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(Subscribers to my free newsletter saw this yesterday.)

Last week I mentioned an online Forbes article that riffed on a New Hampshire lawsuit over damages caused when a pizza was dropped by a delivery drone – an accident, and a lawsuit, that never actually happened. Thanks to a reader, I’ve found the culprit: An insurance analyst who also works as a stand-up comic, and who makes up cases for his online column.

On March 22, this person to whom I won’t link wrote a very bland, matter-of-fact article about a (non-existent) case in Merrimack County Superior Court about a (non-existent) insurance firm sued by a (non-existent) owner of a Tesla who was hit by a (non-existent) pizza dropped by (non-existent) drone delivery. The (non-existent) ruling said the drone is not an “aircraft” in legal parlance, and thus the damages had to be covered by the insurance firm despite a no-aircraft exemption clause.

That would be an fascinating case if it was true. But it’s not, so why did he write it up?

The excuse on a disclaimer page is that “Sometimes there are descriptions of cases or other stories … that are not real. They are simply provided for entertainment value. They are intended to serve as humor. You should be able to spot these.”

Not a chance. The Onion does a good job of joking and satire via pretend news stories, but this one was so bland and detailed that it was impossible for most people to tell it was fake. He even cited a real case number, albeit of a different case.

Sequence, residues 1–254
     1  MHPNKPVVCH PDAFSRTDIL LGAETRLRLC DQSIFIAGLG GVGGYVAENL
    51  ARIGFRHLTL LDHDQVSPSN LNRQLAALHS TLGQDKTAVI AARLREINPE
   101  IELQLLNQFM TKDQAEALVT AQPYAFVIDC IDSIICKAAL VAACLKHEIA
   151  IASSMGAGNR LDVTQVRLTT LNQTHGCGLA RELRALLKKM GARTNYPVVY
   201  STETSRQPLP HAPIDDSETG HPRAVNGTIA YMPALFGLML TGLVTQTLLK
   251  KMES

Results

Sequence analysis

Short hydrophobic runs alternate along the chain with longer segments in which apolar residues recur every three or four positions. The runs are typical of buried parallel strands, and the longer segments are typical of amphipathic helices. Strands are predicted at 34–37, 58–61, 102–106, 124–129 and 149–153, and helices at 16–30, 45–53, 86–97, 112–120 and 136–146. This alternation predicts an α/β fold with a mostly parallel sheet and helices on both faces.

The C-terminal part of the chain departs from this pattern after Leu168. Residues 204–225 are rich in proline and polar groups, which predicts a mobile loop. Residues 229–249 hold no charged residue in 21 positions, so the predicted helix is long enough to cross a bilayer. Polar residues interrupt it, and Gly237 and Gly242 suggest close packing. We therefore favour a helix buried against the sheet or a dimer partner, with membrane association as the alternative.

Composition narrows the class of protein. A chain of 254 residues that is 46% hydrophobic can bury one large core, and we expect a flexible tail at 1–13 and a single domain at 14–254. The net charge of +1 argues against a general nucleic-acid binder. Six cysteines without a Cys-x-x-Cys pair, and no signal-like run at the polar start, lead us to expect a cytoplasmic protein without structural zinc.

So it’s no surprise that a Forbes contributor (not a staff writer) was fooled and used the item as the basis for an article about insuring drones in an article, or that this article was later picked up by the Union-Leader’s NH Angle, an online list of articles referring to New Hampshire. (The Forbes writer has realized his error and removed reference to this non-case, with a semi-apologetic introductory note.)

No particular harm was done – the story wasn’t used to, say, alter legislation regarding drone regulation in New Hampshire – but the whole idea of parody news has been overtaken by events. Partly the issue is that in the online world it has gotten really easy to create and propagate a jokey fake news article, so it takes no cleverness to do it.

But even more than that, in a world full of unintended consequences from people thinking that imaginary things are real, making up stuff and saying “it’s your fault if you fell for it” – well, that’s a whole less funny than it used to be.

I talked to the writer off the record – he said he chose Concord at random – and urged him to either drop the fake-article idea or else make his fake articles much, much more obvious. “The audience has changed,” I said, “As a performer, you need to change to match them.”



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